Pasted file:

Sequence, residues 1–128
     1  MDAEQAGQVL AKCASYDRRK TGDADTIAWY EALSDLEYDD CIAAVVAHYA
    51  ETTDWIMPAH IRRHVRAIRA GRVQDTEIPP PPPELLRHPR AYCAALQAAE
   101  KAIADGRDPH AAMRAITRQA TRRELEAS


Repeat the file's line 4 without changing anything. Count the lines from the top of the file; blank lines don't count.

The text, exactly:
   101  KAIADGRDPH AAMRAITRQA TRRELEAS